I’ve realized that a specific architectural style induces the strongest response in me out of any other style: brutalism. For the sake of ease and clarity, I will speak of brutalism as a general aesthetic in architecture without much thought of the distinctions between brutalism and new brutalism, and the individual interpretations of the style by separate architects.

Brutalism, like any piece of art, is best described by its own being rather than words:


Boston City Hall
(Taken From Wikipedia)

The aesthetic principles of brutalism are, firstly, large, angular and abstract shapes mostly made of all concrete. The sheer size and large forms of the buildings seem totally indifferent to the size of the human occupants and to the context of the surrounding area. Brutalism, secondly, breaks the tradition of concealment in architecture. Brutalism reveals its functions and services (e.g. stairs, elevators, division of rooms). These functions can be clearly seen from the building’s exterior; if you look at other architectural styles, the functional components are usually hidden within the interior of the building or encased in embellishments. The end results of brutalism is a giant monolith with inorganic, systematic shapes that are unforgiving in their silent, grey hardness.

Doesn’t sound very appealing, does it? The popular opinion on brutalism, from both the layperson and the professional, is unanimous disgust. I’ve found this very distressing because I have uncovered in myself an intense “love” of these buildings and their style; however, it is not really love, for when we say we love something we are bolstered and wish to be possessors. Love and beauty are inseparable, and to love something is to deem it beautiful and to desire. Many buildings are beautiful and desirable; this is a guiding aesthetic principle for most people, and it is why they choose to consume various pieces of art that are simply little beauties (everybody loves beach landscape paintings!). Brutalist buildings are almost entirely the opposite, whether or not this was the intention of the architects or an accident, I do not know. They are unlovable; they are not beautiful; they are monstrous hunks of concrete; it spurs no desire to own, to be a possessor. It says to you “you are not and cannot be a possessor.” It is an experience of the sublime. Usually, the sublime is associated with the expanses of Earth and space, such as when one looks out on the ocean, from a mountain peak or into the night sky. It is the intensification and culmination of the human condition’s powerlessness in a brief, emotional incident. These buildings are sublime. I use this term in the sense of awe-inspiring. Brutalism makes one feel small, insignificant and powerless when faced with the imposing, inhumanness of giant concrete slabs. It is perhaps a man-made, accidental reminder to what extent social gatherings, buildings, infrastructures, industries, the silent, deep structures of our world are produced free of the individual and his small beauties. That is why I appreciate them so much, because they are ugly, sublime revealers in total concrete indifference.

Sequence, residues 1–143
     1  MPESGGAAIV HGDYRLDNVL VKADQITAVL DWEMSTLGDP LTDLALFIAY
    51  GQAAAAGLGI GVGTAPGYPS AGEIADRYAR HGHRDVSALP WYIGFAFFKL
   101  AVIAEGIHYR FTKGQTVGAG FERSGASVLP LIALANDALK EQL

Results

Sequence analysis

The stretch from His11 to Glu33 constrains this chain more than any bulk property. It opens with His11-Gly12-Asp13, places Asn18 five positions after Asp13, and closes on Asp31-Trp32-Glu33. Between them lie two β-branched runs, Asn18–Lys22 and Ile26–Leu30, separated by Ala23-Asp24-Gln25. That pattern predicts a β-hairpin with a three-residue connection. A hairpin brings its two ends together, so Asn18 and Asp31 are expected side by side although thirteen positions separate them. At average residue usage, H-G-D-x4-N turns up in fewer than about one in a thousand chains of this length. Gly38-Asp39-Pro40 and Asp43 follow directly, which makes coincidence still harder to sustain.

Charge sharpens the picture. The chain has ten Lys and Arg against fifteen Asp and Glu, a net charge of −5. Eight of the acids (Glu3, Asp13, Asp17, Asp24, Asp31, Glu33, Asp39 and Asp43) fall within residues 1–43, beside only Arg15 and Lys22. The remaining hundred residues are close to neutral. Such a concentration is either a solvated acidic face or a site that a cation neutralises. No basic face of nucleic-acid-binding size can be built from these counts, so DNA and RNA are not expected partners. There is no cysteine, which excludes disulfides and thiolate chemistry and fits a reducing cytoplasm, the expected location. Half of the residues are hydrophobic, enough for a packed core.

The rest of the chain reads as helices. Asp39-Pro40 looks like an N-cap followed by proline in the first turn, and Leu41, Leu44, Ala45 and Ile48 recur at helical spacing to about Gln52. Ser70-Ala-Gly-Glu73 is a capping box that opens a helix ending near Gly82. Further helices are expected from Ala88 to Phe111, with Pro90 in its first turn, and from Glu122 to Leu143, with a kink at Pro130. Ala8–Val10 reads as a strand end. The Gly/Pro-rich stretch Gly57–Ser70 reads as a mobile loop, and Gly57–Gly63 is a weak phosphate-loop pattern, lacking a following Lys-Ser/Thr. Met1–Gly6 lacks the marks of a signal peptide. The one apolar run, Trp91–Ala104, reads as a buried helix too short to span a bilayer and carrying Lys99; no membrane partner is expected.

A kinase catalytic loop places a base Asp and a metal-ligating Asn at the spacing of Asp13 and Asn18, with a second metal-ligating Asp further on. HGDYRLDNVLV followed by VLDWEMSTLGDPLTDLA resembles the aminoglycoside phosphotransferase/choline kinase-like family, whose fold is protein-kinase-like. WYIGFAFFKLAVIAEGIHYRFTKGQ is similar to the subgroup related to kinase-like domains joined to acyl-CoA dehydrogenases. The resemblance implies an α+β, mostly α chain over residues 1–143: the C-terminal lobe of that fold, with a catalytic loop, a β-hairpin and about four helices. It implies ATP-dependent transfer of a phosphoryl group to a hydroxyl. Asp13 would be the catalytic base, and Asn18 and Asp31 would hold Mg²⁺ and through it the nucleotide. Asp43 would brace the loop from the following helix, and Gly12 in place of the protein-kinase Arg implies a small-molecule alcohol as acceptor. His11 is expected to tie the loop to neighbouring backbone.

Being a New Englander and previously a college student, I’ve had plenty of opportunities to encounter brutalist buildings. The school I attended, Clark University, had a library designed in the style; many universities have brutalist buildings from the 70s and 80s because of the affordability of an all concrete, embellishment-free style.

Goddard Library
(Photograph by Mary Ann Sullivan)

Goddard library is not an appreciated building, suffering dilapidation from Worcester’s weather and generally being seen as an ugly building. Many Clark students never step foot in the building more than once or twice a year, usually only to have frightened sex in some hidden study nook -- a proud tradition. As of 2008, they began renovations on the building, compromising much of the initial brutalist principles in the design of the building. Clearly brutalism was not appreciated by Clark University to the point of demolishing part of the original structure. In this same vein, Boston City Hall, as featured above, is another hated brutalist building. I believe, though I do not have the quote on hand, that Mayor Thomas Menino has suggested moving city hall, demolishing the building and selling the large plot of land.